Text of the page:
Prefers Freestyle Cruising

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Thank heaven for Norwegian Cruise Line and its imitators who have initiated Freestyle Cruising (Aug. ’03, pg. 33). I enjoyed Freestyle Cruising on my 12-day cruise from Dover to St. Petersburg, June 3-15, ’03, aboard the Norwegian Dream, booked through Grand Circle Travel (800/221-2610).

Gone is the 3-times-a-day, permanently assigned seating with six to eight people, usually all strangers. A 7- to 10-day cruise had meant meeting these folks for meals 21 to 30 times, and how long does casual conversation suffice? Some diners would bolt for a lido or sports deck buffet or eat ashore while others suffered with trivial comments on the weather and, heaven forbid, health stories. No longer!

One of my friends thinks Freestyle Cruising is a “slippery slope” to sloppy attire; she hasn’t cruised this way and I have, and I disagree with her mightily. Don’t worry. Wild savages with ripped jeans and torn shirts featuring ribald slogans don’t amble in barefooted to dine aboard the near-regal cruise ships now angling for middle- and upper-middle-class tourist dollars.

On the Norwegian Dream, Freestyle Cruising offered several restaurants with linen tablecloths and napkins; gracious waiter service, and 4- or 5-course gourmet meals. I would have a buffet breakfast, then make a choice among the other restaurants for lunch and dinner or return to the lido/sport buffet.

Tables for two, four, six or eight were typical, and I was asked at the maître d’s desk if I were willing to share. I would eat alone or with three others or five others or at a table for eight if that were my wish. I met great folks and strange folks and okay folks, and they probably thought the same of me. I never even considered the thought of staying in my cabin and having room service.

Not only does Freestyle Cruising save dining angst, it saves suitcase room. Dress clothes and accessories (mainly shoes) can take up massive amounts of room for such minimal use. People often spend too much money to buy elaborate dresses or tuxes that they won’t use again at home. Freestyle Cruising saves money that one can spend on other things, such as travel treasures or pampering in the salons. Best of all, there are no formal nights.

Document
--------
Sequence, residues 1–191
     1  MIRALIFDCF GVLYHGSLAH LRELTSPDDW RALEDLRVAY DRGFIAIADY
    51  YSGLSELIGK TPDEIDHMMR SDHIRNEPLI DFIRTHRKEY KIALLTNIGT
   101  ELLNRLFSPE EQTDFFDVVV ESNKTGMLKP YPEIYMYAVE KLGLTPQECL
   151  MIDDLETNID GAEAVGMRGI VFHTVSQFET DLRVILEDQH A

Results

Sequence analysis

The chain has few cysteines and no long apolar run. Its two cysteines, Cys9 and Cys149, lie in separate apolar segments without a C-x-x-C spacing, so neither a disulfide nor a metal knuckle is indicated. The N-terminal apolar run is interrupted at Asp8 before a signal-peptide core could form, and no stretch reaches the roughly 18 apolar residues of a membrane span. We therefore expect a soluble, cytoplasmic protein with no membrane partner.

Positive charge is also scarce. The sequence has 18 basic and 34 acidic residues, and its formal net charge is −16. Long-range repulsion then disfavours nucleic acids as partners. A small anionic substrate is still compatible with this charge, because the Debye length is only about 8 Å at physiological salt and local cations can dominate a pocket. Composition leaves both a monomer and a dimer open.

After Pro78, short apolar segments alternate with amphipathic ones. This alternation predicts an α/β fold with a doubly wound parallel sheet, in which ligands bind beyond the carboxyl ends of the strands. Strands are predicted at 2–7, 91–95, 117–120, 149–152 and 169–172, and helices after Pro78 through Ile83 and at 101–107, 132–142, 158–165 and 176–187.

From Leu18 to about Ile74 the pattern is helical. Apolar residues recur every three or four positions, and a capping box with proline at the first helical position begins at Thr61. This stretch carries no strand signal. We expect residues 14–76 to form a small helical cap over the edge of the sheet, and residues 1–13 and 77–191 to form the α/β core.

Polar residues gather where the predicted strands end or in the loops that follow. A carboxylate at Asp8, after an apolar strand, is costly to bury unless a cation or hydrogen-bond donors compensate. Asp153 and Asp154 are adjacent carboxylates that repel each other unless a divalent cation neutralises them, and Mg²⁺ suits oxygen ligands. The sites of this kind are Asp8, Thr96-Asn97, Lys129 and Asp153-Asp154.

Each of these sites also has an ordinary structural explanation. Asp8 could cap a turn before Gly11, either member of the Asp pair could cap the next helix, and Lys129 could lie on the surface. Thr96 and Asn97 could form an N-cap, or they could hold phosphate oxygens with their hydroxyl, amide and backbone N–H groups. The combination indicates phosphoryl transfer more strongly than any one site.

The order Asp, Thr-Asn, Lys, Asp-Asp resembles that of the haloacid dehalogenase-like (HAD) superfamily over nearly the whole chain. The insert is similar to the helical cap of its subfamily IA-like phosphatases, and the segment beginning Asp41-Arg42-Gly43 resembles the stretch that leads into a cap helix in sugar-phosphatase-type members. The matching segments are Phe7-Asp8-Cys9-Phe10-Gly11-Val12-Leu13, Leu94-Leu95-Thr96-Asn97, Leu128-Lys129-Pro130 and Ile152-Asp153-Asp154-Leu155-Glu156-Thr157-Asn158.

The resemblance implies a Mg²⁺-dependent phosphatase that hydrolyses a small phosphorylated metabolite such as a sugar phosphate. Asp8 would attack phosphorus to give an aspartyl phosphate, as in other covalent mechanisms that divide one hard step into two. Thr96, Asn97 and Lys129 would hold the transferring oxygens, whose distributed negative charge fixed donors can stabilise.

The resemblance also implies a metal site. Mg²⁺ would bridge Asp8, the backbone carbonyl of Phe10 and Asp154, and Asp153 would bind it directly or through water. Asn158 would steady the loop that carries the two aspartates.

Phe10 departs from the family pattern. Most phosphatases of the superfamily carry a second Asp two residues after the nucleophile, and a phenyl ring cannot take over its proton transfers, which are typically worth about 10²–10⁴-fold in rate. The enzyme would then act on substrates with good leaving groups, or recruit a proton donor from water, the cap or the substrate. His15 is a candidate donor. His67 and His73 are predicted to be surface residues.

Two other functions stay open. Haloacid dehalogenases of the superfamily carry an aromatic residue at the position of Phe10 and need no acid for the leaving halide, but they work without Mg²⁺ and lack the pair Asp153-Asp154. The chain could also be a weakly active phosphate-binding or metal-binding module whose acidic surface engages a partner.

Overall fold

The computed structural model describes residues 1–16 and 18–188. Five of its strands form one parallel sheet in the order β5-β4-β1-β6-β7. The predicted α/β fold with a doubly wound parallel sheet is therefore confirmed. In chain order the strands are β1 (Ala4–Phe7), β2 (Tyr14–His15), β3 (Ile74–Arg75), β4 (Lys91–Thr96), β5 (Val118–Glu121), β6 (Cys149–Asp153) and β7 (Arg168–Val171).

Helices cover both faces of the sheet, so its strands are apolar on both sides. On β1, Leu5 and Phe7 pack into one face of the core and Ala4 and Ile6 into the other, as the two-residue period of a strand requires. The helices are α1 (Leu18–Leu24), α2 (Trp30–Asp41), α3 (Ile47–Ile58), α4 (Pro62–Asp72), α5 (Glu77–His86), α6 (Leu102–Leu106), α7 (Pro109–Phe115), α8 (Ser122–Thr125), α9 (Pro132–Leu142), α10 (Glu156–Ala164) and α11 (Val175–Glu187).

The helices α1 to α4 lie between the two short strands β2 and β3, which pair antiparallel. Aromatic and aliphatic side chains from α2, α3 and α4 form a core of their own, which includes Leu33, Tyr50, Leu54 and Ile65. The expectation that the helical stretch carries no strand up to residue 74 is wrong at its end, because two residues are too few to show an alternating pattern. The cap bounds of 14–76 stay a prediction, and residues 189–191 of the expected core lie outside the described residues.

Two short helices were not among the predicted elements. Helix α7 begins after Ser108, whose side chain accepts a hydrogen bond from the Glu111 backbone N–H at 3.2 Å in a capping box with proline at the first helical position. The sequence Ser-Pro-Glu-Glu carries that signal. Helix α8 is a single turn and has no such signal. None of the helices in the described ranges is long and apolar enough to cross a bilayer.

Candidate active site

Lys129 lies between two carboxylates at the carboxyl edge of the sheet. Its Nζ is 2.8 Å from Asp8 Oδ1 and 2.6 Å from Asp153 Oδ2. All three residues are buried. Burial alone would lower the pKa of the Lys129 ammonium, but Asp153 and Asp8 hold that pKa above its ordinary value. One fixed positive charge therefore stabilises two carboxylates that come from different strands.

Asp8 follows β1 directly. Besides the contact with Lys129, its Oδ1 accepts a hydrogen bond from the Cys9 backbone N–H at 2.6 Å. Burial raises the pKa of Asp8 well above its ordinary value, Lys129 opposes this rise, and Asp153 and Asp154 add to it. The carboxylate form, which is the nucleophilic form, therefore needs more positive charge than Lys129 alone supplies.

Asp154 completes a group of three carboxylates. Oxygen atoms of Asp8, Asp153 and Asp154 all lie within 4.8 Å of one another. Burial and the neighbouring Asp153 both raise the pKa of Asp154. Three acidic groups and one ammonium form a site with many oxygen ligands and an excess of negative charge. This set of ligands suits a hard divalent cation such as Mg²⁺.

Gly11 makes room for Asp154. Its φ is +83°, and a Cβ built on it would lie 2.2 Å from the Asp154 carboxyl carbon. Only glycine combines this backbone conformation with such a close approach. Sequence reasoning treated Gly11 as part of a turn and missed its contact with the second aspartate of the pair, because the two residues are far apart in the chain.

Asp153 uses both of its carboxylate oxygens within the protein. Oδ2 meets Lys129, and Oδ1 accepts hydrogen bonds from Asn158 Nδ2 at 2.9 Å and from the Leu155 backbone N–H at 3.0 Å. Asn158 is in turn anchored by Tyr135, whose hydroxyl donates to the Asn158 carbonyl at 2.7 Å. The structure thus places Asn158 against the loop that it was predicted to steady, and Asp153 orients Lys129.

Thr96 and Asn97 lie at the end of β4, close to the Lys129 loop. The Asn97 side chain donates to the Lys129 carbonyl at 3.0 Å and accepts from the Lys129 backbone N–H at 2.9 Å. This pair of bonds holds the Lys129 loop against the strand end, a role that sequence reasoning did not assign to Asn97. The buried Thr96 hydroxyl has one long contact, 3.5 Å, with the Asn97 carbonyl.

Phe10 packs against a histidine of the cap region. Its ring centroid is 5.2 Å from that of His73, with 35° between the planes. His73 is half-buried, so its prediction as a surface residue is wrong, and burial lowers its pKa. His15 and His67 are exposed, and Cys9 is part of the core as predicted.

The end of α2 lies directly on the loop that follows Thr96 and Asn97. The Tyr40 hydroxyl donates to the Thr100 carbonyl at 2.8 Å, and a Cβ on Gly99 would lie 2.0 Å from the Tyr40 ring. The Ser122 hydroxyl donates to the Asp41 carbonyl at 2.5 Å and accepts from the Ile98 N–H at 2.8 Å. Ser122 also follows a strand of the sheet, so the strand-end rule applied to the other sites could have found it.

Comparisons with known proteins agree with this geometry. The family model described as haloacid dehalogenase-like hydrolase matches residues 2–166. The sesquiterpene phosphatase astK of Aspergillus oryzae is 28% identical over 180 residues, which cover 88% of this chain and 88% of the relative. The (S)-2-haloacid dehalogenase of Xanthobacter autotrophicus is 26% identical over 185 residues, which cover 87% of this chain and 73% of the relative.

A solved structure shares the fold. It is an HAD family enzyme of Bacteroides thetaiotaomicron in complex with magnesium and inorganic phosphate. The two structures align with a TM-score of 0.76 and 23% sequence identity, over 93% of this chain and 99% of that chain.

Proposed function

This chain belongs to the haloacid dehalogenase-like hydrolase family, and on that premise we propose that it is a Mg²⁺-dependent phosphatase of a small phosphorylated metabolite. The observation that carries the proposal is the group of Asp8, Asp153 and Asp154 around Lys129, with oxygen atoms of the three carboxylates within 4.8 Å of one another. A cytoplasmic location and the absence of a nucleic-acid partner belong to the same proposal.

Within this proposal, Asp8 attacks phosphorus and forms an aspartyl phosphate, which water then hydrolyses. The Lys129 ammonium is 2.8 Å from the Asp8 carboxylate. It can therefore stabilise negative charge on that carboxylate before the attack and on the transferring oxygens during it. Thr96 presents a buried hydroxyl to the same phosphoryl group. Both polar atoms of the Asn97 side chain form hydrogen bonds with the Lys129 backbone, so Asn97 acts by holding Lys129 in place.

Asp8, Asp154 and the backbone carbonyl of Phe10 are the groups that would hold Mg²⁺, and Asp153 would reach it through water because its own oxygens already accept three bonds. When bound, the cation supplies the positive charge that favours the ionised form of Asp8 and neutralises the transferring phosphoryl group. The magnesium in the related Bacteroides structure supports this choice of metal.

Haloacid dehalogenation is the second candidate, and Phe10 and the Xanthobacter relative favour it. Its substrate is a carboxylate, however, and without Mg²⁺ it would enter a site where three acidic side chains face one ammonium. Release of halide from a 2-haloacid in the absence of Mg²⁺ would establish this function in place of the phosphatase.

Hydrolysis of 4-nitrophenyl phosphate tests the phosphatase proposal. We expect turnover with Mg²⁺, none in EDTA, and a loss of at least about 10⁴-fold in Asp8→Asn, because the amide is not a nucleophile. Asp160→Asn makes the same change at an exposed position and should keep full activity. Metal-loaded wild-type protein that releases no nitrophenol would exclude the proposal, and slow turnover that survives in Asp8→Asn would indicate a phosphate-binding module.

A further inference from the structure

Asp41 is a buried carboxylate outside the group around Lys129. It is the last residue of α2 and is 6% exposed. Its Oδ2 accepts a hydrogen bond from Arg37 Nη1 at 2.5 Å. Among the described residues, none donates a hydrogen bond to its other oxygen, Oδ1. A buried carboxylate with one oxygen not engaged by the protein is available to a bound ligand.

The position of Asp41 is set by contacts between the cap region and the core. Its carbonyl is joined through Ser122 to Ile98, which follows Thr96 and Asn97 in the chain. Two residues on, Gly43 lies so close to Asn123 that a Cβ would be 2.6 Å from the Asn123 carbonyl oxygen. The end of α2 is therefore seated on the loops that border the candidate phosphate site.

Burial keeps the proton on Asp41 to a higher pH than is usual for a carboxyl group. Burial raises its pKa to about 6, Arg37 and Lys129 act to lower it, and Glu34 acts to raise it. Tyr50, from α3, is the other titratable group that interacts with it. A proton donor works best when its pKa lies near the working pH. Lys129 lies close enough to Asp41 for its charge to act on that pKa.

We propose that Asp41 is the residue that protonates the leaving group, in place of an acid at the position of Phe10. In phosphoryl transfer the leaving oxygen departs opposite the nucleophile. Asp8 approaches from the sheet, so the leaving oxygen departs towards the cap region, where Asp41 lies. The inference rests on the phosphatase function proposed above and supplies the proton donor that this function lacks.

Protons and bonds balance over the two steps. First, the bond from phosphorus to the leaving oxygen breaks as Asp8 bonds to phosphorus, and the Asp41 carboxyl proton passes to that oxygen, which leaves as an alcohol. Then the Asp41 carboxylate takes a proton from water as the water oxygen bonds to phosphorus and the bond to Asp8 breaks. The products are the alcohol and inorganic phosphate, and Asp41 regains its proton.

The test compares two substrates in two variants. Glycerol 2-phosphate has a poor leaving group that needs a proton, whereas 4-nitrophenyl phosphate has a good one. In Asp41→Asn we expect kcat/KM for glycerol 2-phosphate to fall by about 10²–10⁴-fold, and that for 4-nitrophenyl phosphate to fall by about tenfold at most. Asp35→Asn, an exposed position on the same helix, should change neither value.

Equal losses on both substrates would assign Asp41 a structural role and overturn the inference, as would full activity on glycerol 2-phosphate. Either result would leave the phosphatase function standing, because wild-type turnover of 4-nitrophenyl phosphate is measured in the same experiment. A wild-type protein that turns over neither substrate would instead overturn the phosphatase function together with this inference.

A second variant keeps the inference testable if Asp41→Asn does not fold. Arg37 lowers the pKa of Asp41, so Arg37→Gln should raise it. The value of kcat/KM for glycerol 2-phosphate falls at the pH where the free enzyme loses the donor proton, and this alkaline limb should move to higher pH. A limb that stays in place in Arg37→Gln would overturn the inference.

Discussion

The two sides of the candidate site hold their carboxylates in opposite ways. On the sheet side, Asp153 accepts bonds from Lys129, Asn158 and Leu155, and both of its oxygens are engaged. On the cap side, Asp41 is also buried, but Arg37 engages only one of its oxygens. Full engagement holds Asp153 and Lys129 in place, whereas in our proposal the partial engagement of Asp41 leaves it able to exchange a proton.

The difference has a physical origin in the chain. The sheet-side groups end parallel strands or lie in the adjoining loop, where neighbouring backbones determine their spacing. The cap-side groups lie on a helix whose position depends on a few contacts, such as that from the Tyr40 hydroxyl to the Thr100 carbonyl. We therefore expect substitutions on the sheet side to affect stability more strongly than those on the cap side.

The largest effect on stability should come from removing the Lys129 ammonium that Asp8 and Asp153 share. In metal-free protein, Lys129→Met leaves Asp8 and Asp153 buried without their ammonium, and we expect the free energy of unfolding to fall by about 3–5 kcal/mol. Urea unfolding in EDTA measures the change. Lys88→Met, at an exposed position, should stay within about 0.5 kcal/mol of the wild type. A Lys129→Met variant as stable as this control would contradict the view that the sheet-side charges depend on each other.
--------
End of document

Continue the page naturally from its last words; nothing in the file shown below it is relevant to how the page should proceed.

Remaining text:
NCL’s Dream does have an elegant French restaurant requiring reservations plus an additional $12.50 per person for the delight of being “special.” I imagine other Freestyle ships offer this option.

I hope the idea of Freestyle Cruising, with its simple dress code, not only continues but expands to other cruise lines or at least to selected ships. My bet is that those lines will prosper.

CHLOE WINSTON
Redding, CA

Please login or subscribe to ITN to read the entire post.

Thank heaven for Norwegian Cruise Line and its imitators who have initiated Freestyle Cruising (Aug. ’03, pg. 33). I enjoyed Freestyle Cruising on my 12-day cruise from Dover to St. Petersburg, June 3-15, ’03, aboard the Norwegian Dream, booked through Grand Circle Travel (800/221-2610).

Gone is the 3-times-a-day, permanently assigned seating with six to eight people, usually all strangers. A 7- to 10-day cruise had meant meeting these folks for meals 21 to 30 times, and how long does casual conversation suffice? Some diners would bolt for a lido or sports deck buffet or eat ashore while others suffered with trivial comments on the weather and, heaven forbid, health stories. No longer!

One of my friends thinks Freestyle Cruising is a “slippery slope” to sloppy attire; she hasn’t cruised this way and I have, and I disagree with her mightily. Don’t worry. Wild savages with ripped jeans and torn shirts featuring ribald slogans don’t amble in barefooted to dine aboard the near-regal cruise ships now angling for middle- and upper-middle-class tourist dollars.

On the Norwegian Dream, Freestyle Cruising offered several restaurants with linen tablecloths and napkins; gracious waiter service, and 4- or 5-course gourmet meals. I would have a buffet breakfast, then make a choice among the other restaurants for lunch and dinner or return to the lido/sport buffet.

Tables for two, four, six or eight were typical, and I was asked at the maître d’s desk if I were willing to share. I would eat alone or with three others or five others or at a table for eight if that were my wish. I met great folks and strange folks and okay folks, and they probably thought the same of me. I never even considered the thought of staying in my cabin and having room service.

Not only does Freestyle Cruising save dining angst, it saves suitcase room. Dress clothes and accessories (mainly shoes) can take up massive amounts of room for such minimal use. People often spend too much money to buy elaborate dresses or tuxes that they won’t use again at home. Freestyle Cruising saves money that one can spend on other things, such as travel treasures or pampering in the salons. Best of all, there are no formal nights.

NCL’s Dream does have an elegant French restaurant requiring reservations plus an additional $12.50 per person for the delight of being “special.” I imagine other Freestyle ships offer this option.

I hope the idea of Freestyle Cruising, with its simple dress code, not only continues but expands to other cruise lines or at least to selected ships. My bet is that those lines will prosper.

CHLOE WINSTON
Redding, CA